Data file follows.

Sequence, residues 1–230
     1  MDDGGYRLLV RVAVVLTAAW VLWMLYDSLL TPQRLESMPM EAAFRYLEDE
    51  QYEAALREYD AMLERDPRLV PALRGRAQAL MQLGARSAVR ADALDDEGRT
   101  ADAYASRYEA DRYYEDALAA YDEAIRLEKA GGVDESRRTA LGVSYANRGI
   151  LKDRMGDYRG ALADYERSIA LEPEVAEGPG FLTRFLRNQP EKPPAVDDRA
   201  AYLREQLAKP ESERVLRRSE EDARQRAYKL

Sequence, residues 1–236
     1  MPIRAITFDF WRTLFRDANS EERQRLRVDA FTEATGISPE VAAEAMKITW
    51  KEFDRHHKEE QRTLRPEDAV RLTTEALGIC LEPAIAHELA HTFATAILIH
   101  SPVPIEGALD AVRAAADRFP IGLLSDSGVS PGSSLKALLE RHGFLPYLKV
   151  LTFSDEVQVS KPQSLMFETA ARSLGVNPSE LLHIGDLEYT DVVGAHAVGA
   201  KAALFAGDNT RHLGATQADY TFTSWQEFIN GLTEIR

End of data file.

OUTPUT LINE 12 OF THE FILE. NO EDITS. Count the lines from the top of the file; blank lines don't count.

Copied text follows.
   201  KAALFAGDNT RHLGATQADY TFTSWQEFIN GLTEIR